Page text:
Bev as Έḇeḏ
I never thought I could understand, much less internalize, or even have an interest in reading esoteric scholarly writings. In the words of my daughter, “Mom, it’s just boring.” Over the years, I’ve discovered that what I once thought of as boring… like reading the Old Testament… is really because I didn’t understand the meaning behind the words. Remember when you were a kid and you thought the children’s shows were fantastic and they held you enthralled for hours? On the other side of the coin do you remember that when your parents wanted to watch the news, you thought it was boring?
Teenagers still roll their eyes when their parents talk about something that they think is boring.
My first encounter with reading something that was beyond my normal reading level was when I read “Approaching Zion” by Hugh Nibley some 30 years ago. Many people think Nibley is hard to understand. Funny thing is that when taken one sentence at a time AND retaining your place in his various digressions or stories, a person can keep hold of the thread of his thought and it is mind blowing. He is a brilliant scholar and a genius. Reading his book created a paradigm shift in my spiritual thinking. It also showed me that I could probably read anything written and learn something from it. I began a lifelong love of following LDS scholarly writings.
So What the Heck Does Έḇeḏ Mean?
Jennifer C. Lane, in her essay entitled “Worship: Bowing Down and Serving the Lord,” found in “Ascending the Mountainof the Lord: Temple, Praise, and Worship in the Old Testament” a book of scholarly essays presented at the 42nd Annual Brigham Young University Sidney B. Sperry Symposium, describes Worship as a Way of Life: The Example of the Servants (p 132).
I don’t know about you but I have a hard time coming to grips with the idea of a servant bowing down to his master. In modern society the idea of bowing down and submitting oneself to the will of another rubs you the wrong way. Of course this is a cultural bias, coming out of a time where slavery was practiced, even embraced, as a way of life, any outward display of servitude seems degrading.
Hopeful and Inspiring Models of Servanthood
Lane finds a very positive status of a servant in examples found in the Old Testament, our current course of study in Sunday school this year. These examples can show us how we can live in a “true relationship with God.” I became intrigued that I might actually learn something from that ‘boring Old Testament.’
The Meaning of Έḇeḏ
The Hebrew word for servant ‘eḇeḏ “generally expresses the position of a human being before God,” and it can also describe the servant who is an instrument in the Lord’s hands to accomplish his work and bring about his righteousness.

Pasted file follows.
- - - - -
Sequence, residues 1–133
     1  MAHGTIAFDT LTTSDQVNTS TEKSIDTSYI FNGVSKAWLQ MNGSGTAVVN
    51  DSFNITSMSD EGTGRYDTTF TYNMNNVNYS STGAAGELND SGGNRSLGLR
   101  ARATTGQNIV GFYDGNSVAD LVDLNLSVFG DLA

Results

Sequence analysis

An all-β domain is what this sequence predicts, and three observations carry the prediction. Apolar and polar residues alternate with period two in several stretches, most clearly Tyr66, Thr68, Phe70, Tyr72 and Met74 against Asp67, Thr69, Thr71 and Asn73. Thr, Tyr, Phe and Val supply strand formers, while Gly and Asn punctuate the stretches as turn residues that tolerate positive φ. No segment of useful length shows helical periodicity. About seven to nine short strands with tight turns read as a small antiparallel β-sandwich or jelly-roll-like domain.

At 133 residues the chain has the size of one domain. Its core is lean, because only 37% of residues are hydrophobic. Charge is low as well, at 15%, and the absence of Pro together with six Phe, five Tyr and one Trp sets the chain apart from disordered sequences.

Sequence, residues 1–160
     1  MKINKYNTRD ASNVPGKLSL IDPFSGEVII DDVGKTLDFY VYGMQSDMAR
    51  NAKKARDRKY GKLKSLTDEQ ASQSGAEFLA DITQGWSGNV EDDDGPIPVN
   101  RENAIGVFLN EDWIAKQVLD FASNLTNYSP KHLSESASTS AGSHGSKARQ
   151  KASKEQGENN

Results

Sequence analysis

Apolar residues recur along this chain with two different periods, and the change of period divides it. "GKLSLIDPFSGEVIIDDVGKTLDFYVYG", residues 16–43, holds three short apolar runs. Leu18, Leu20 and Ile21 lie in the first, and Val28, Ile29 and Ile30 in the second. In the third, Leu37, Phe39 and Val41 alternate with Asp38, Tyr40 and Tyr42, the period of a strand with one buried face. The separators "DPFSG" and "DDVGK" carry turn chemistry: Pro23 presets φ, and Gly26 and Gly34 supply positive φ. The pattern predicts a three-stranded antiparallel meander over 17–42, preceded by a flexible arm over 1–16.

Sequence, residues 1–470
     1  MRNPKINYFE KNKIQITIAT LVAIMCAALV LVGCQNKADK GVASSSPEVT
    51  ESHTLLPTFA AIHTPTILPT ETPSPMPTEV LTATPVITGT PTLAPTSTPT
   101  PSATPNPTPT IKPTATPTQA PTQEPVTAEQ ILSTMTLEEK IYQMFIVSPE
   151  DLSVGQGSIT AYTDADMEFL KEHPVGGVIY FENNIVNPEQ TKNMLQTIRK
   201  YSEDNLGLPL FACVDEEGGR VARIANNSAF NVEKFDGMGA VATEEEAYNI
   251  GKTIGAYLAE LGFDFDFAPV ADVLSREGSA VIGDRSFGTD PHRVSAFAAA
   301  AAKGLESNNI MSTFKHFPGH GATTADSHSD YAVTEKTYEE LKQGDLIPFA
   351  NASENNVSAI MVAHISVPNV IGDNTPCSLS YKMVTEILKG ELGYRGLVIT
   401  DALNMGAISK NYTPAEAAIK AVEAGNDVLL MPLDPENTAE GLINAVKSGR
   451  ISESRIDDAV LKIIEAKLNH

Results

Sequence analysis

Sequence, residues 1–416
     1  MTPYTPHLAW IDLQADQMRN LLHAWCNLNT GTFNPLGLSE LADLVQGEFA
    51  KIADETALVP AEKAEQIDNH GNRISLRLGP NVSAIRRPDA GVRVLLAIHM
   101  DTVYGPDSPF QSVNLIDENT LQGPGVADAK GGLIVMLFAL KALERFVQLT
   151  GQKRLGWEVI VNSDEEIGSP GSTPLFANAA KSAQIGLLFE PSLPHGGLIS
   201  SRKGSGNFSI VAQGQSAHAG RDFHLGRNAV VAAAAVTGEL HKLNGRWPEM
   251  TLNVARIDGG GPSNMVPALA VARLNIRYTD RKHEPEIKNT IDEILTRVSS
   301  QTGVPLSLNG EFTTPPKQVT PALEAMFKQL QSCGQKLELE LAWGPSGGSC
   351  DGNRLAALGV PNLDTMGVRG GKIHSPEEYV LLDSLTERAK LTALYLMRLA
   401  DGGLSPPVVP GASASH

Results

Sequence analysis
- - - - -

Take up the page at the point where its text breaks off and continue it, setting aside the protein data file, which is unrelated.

One phrase in my patriarchal blessing says “Sister Beverly, I bless you that you shall have a determination in your heart to ever serve the Lord… to bring to pass much righteousness upon the earth…” Hmmmm, interesting, me a servant. Give Service. To Serve… Servant. Hear me thinking?
Christ Our Exemplar as Servant
Lane says, “The image of the Suffering Servant describes the redemptive role of Christ in the prophetic writings of Isaiah.” The role of servant singles out one who has a specific task to perform. “This principle —namely, the honor of being chosen, obedient, and working as representatives of God, that of being ‘eḇeḏ in the Old Testament, describes the one who lives in the true relationship with God —always obedient, always on the Lord’s errand.”
We should ask as Paul, “Lord, what wilt thou have me to do?" (Acts 9:6)
Lane says “We do not need to have a messianic or prophetic mission in life in order to worship the Lord as his servants. In fact, recognizing that we all are called to be servants but given different missions is a humbling and also equalizing vision that can free us from envy, resentment, pride, or any desire to boast or compare.”
Worship is Something that We Do
Worship is something that we do and that we are in a relationship with the one we are worshiping. Understanding the Hebrew Old Testament vocabulary usage of the verbs hwh (bow down) and āḇaḏ (serve) that are often translated as “worship” shows they describe the physical expression of a relationship of submission to authority.
Now, I don’t know about you, but that concept or image doesn’t sit well with me. Yet upon further pondering, my bowing my head in prayer, and in the temple, it is a beautiful thing to me. So rather than it being about what “I” think, or what “I” feel, understanding worship in reality, becomes a positive uplifting way of life expressed by the physical actions of bowing down or serving. So, Bev, get over it... bow down... be humble.
Ye Are Not Your Own
The thought as expressed by Paul in 1 Corinthians 6:19-20 “Ye are not your own…for ye are bought with a price” explains that “since we belong to the Lord through the purchase price of the blood of Christ, we should not bow down and serve anyone else.”
In Psalms 5:7, “But as for me, I will come into thy house in the multitude of thy mercy: and in thy fear will I worship toward thy holy temple,” Lane illuminates, “All lands and all people were invited to be the Lord’s servants and to come before his presence in his holy house to worship and to praise. “Bowing down’ and “serving” the Lord in the context of temple worship is a commandment, but it is also an expression of love and gratitude for our redemption.”
I LOVE GOING TO THE TEMPLE